If you have an appreciation for old fashioned ghost stories, give this novella a try.

Oh yes, I absolutely loved the character of Spider, the brave little terrier. So clever of the author to add Spider to the story because there is nothing more unnerving than a dog growling and bristling at something that isn't there or at least at something we humans can't see. 

 I abandoned a trek to behind the house last night after dark (even with a flashlight) to turn off the water because my dogs wouldn't go with me. And they always go with me. Then one dog barked.  I thought of little Spider and scurried back into the house and locked the door.  Bigfoot might have been back there! (I live in the woods and there have been Bigfoot sightings around here.. and mountain lions and bears, oh my!)

One more thing, this book was recently made into a movie starring Daniel Radcliffe. Not sure if I plan to see it or not since the movie is probably way scarier than the book. I may not want to actually see the specter or hear the eerie sounds since I'm easily creeped out. 

Do you like ghost stories?  Will you watch the movie or read the book? If you already have, what did you think?

My Goodreads rating: four stars out of five which means I really liked it and had fun reading it. 

Source: Library  

Monday, April 9, 2012

Books I have been forced to read

Hello there, bookworms!
I have not been present here in what seems like a lifetime, so let me introduce myself. I am Isabella, an almost fifteen-year-old-girl who loves to read. My specialities include girly-fluff novels (books with no substance), timeless classics I struggle to get through (I'm looking at you, Jane Austen) and of course, those wonderful books I am forced to read at school.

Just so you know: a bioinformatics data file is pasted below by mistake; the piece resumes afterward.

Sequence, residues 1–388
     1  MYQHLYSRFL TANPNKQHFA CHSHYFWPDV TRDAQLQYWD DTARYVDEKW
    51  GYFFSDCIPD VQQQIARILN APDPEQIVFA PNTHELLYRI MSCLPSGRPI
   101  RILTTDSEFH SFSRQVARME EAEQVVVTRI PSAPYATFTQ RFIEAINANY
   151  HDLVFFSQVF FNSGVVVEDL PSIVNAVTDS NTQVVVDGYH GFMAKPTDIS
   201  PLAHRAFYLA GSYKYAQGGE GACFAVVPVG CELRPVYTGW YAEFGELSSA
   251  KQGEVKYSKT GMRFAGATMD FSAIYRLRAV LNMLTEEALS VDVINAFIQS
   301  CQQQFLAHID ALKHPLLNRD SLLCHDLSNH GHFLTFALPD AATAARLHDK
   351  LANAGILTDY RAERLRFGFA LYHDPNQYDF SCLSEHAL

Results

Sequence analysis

I usually have to write an in-class essay after I've read the book, making reading these books a painfully stressful process. Never have I actually read one of these books for a novel study and liked them. Ever. Here are a few of the wonderful gems I have gotten to read over my advanced English years. 

Outfall by Brian Ridden

I can't really remember much of this book. It was all a frantically-trying-to-get-an-A+ blur. Some details I remember, though, like that it was about a teenage surfer boy, he was protesting against something environmentally destructive and he had nightmares about sharks a lot. And the book had sexual references that we had to read aloud in class. Tee hee! 

A Bridge to Wiseman's Cove by James Moloney